It’s not magical thinking; it’s about locking in an intention, knowing that I’m capable of getting there, even I didn’t have every detail ironed out, and letting things flow from there. And when they do? I’m 100% positioned to capitalise on them and run with it.

    What about you? Does having a specific money goal to reach help accelerate your financial momentum?

  • All the things I’ve learned from the single most important relationship in my life

    lessons from the most important relationship

     

    I have a funny relationship with external validation. I crave it more than anything else. It gives me the most delightful warm glow in my belly. But I also feel intensely…uncomfortable receiving it?

    Sometimes you need others to believe in you before you can believe in yourself. You can borrow their convictions and try them on for size until you get comfortable in them.

    I’m now 33 (what a cool number) and only now do I REALLY feel like I’m starting to come into my own. And I’ve been reflecting on the most important relationship in my life. It’s not with my son or his dad or any of my family. It’s not even with another living creature.

    It’s with my work and career

    I’ve gained so much through my work that I can’t possibly begin to quantify or articulate it all.

    Through work, I have had people advocate for me. Observe my contribution when I couldn’t see it. “They’d have been screwed without you.” “You handled that really diplomatically.” (On one occasion, this led to me saying semi-jokingly, “Send all the angry men my way.”)

    I’ve been told I have a really interesting way of thinking. That nobody else in their interviews said what I did. I’ve been told by a leader, “I always value/appreciate our chats.” I’ve been dubbed the “silent assassin”.

    I’ve been a second choice for a job, but been told it turned out for the best 🙂 As a junior on a project, I’ve caught and raised major red flags early on that nobody else spotted.

    Being pushed to create and deliver presentations for teams forced me to reflect on industry shifts, see trends, and synthesise my thoughts. To think critically and originally, drawing my own conclusions.

    Through writing and the power of words I’ve been able to fund my dreams, connect with others, learn about countless industries and topics, heal, and grow. I’ve received an education in coaching and personal development by proxy, just through editing books.

    I learned to trust my instincts and how to approach tough situations with tact. When I became the target of a toxic leader, who picked on me in meetings publicly, I didn’t take it personally.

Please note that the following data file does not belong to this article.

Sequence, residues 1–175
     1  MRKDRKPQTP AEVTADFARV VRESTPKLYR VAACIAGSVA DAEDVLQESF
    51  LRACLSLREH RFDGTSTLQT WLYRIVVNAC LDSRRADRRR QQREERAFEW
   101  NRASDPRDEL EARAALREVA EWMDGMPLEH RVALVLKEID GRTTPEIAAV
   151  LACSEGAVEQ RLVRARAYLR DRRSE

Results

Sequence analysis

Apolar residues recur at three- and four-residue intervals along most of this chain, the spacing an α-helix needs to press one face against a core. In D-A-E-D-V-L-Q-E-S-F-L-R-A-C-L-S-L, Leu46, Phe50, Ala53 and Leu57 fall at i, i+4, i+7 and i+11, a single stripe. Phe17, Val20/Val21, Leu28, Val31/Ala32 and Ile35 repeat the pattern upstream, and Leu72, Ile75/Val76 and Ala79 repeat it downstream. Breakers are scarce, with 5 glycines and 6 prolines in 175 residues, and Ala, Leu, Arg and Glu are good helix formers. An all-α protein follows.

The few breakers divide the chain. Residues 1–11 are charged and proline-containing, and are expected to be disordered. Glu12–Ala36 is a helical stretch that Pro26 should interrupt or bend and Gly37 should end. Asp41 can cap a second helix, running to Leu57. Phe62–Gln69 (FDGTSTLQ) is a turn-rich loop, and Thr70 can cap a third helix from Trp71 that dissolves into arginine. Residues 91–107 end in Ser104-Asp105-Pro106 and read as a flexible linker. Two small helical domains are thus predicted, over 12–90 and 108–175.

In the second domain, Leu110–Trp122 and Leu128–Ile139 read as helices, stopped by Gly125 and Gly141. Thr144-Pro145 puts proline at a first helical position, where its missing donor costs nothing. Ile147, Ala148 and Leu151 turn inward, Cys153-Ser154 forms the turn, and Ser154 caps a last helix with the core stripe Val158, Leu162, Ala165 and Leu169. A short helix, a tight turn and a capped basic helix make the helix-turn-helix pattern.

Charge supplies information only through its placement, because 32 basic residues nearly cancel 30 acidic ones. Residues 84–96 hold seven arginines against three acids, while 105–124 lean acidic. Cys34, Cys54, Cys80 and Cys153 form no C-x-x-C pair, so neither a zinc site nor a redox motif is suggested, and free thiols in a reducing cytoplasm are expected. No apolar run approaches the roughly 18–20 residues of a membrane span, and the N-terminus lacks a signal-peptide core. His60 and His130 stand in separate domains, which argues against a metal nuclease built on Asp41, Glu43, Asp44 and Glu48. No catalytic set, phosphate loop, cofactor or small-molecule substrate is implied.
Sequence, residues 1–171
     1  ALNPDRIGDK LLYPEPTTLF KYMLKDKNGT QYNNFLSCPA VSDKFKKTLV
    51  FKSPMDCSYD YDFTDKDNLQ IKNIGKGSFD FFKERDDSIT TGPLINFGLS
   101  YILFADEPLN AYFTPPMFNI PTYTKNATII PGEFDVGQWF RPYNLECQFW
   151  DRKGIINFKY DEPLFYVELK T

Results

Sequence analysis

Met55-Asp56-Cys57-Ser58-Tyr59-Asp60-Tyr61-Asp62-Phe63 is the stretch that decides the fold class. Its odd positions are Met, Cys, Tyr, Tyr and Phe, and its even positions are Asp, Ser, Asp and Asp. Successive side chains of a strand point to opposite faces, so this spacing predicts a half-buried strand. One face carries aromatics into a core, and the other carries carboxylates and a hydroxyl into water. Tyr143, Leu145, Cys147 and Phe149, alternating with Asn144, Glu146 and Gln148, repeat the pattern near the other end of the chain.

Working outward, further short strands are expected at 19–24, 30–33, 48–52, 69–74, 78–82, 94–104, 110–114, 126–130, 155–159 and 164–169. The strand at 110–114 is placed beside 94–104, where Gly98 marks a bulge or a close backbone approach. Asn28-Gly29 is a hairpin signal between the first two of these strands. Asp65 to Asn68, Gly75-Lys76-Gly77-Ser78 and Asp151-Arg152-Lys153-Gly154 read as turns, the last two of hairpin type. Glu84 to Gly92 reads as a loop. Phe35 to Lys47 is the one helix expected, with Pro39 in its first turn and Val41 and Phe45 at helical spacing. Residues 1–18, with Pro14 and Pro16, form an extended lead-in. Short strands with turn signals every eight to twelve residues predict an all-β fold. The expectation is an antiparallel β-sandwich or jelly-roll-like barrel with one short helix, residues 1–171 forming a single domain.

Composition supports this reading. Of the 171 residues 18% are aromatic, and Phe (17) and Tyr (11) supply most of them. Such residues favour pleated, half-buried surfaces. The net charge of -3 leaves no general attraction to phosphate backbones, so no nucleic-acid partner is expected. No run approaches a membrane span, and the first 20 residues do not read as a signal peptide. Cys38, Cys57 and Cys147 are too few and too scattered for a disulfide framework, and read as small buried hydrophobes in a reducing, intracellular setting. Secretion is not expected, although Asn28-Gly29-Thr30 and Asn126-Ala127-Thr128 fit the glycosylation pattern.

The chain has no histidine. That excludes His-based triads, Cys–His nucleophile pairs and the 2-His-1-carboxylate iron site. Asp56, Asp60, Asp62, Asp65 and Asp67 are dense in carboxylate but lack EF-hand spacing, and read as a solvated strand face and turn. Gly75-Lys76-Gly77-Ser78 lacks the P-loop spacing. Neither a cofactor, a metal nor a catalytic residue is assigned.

Through work I learned how I should and shouldn’t let people in my personal life treat me. I’ve learned so much through the interpersonal aspects of professional life that I now bring into the rest of my life.

    When all else fails, work was an escape and a break. There, I was competent and confident.

    I will have this always. When my son is grown, I will have all the gifts my work has given me, on top of financially supporting my lifestyle, and I know that I will continue to find joy and satisfaction in for years to come.

  • 3 times insurance totally saved me in the last year

    3 TIMES INSURANCE CAME THROUGH FOR ME

     

    I’ve had a lot of reasons to be thankful for insurance over the past year. When insurance companies come through on claims, it’s so worth it.

    Getting a new (used) car through insurance

    Even though it’s a slight downgrade – a slightly older model, where the lights and wipers don’t automatically turn on/off when it gets dark/rains. Still well worth it. The old car had a few major issues after faithfully serving for many years – and then there was an accident that resulted in insurance writing it off entirely.

    Getting a new shed through house insurance

    Last year, the shed down in the back corner of the yard caught fire in the night. (It’s still unclear why. The best working theory is stray sparks from the neighbours, who often BBQ just on the other side of the fence from the shed.) It’s just lucky it’s situated so far away from the main house.

    Home insurance covered the shed replacement. Because the old one was an ancient, falling-down structure full of asbestos, they replaced it with a metal kitset shed. The whole painful process took six months from lodging the claim to completion of the shed – but it’s done! The new shed is infinitely more usable, too.

    Getting Spud minor surgery through health insurance

    Spud has always had a lot of issues with noisy breathing, reflux, his sinuses, nosebleeds, and constant colds/coughs. (Weirdly, no ear infections, as far as I can tell. Either that, or he’s such a trooper he just doesn’t let on.) A couple ENT visits and an X-ray later, we learned he has enlarged adenoids. After taking a wait-and-see approach for a couple more months, we went the surgical route. The operation took less than an hour and went super smoothly. Way better than expected! The difference was instant. Turns out that airway was more than 50% blocked by those supersized adenoids. It was, of course, quite scary to contemplate upfront. Now, I wish we could have done it earlier. Oversized adenoids is another fairly common thing, it turns out. This has been a huge step on my own personal journey, away from putting up with whatever life hands you, not making a fuss, powering through.